Concert Reviews | CD Reviews | DVD Reviews | Opera | Early Music | News | Film | Art | Books | Kids

23.8.10

Rattle's 'Fidelio'

available at Amazon
Beethoven, Fidelio, A. Denoke, J. Villars, A. Held, T. Quasthoff, Berlin Philharmonic, S. Rattle

(re-released on November 11, 2008)
EMI 2 17630 2 | 110'10"

Online score:
Beethoven, Fidelio

available at Amazon
Paul Robinson, Ludwig van Beethoven: Fidelio
EMI recently re-released this 2003 concert performance of Beethoven's only opera, made during Berlin performances of the opera with the same cast that performed it at the Salzburg Easter Festival that year. Whether it really stands a chance among a hundred or so available recordings, even at a bargain-bottom price for a 2-CD set, likely depends on the type of collector. If price is the only concern, this recording is more than acceptable among a large field: good sound, an unusual reading by Simon Rattle, full of personal nuances right from the opening bars, with great playing and singing from Berlin Philharmonic and the Arnold Schoenberg Chor (but a bare-bones booklet, with no libretto, of course). For scholarly interest, it was apparently the first recording made from Helga Lühning's new critical edition for Bärenreiter -- the confusion of versions of the opera that have to be sorted out is far too vast to go into here. The supporting cast is particularly fine, including Alan Held's disturbed Don Pizarro, László Polgár's Rocco, Juliane Banse's Marzelline, and especially Thomas Quasthoff's Don Fernando, but one wishes better results for the two leads.

Angela Denoke has had her detractors, in this role and others, although her coverage at Ionarts has been generally positive. Still, for power, pitch accuracy, and overall beauty of tone (in spite of a lovely "Komm, Hoffnung") there are far better Leonoras out there, like Christine Brewer (in either German or English), Christa Ludwig (stupendous), Birgit Nilsson (impeccable), Gwyneth Jones (intense), Elisabeth Söderström (at Glyndebourne with Bernard Haitink at the helm), Hildegard Behrens, Deborah Voigt, and the upcoming re-release of Jessye Norman from Decca. Regrettably, there are better Florestans than Jon Villars, too: a young Jonas Kaufmann in a Zurich DVD conducted by Nikolaus Harnoncourt, Ben Heppner before the cracks in the Met DVD with Karita Mattila. A truly excellent recording will cost more, and Rattle's version cannot complete against, for example, Mackerras's historical instruments recording with the Scottish Chamber Orchestra, not to mention classics by names like Klemperer (above all, by most accounts) and, roughly in this order, Furtwängler, and Kleiber (with room further down the list for Böhm, Karajan, and Solti).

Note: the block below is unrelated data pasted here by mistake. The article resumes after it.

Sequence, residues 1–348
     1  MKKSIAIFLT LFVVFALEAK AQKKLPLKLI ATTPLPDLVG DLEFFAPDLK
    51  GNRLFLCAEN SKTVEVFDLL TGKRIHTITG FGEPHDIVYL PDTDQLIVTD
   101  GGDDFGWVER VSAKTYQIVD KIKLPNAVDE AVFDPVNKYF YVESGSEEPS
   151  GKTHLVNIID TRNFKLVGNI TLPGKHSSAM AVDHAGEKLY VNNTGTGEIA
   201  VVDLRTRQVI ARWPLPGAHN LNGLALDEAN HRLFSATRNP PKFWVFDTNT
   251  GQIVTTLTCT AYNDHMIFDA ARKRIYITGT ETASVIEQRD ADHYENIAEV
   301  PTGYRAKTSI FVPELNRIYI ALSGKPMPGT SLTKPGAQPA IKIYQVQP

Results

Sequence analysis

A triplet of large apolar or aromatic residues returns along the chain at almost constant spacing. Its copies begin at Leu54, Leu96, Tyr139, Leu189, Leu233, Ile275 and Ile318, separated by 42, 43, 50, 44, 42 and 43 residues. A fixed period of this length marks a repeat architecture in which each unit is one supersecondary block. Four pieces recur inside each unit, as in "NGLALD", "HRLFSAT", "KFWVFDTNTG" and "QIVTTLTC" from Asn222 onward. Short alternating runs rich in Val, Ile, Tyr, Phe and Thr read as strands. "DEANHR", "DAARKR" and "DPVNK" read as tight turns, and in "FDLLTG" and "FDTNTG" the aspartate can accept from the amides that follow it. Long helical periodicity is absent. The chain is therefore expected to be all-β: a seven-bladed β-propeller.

2 comments:

lavinie said...

Nothing to do with this post but: I finally found some (very poor) references for the record of Marx's Herbstsinfonie:

Eine Herbstsinfonie in H-Dur für großes Orchester 1920/21
Ein Herbstgesang
Tanz der Mittagsgeister
Herbstgedanken
Ein Herbstpoem
Orchester: Großes Orchester Graz
Dirigent: Michel Swierczewski
Aufnahme:
Stefaniensaal, Graz, 24. & 25. Oktober 2005
Verlag: …

(http://www.mynetcologne.de/~nc-waltergu3/wal_cd_klassik/CDs/Marx_EineHerbstsinfonie.htm)

Sadly, there's no mention for the label, but it might be without any label, as the conductor also works as a sound engineer (or however you call that). He possibly made his own record, as I remember the CD cover to look really homemade. And we kind of lost the CD itself, because my friend lent it to our professor, who died in April...
Anyway, here's a link where you could download it:
http://www.micmacmusic.com/product_info.php?products_id=659&osCsid=0129f2dc9b9867d52729d670b4d7b7da
I think that's it!

Charles T. Downey said...

Wow -- thanks for remembering this and for passing along the info!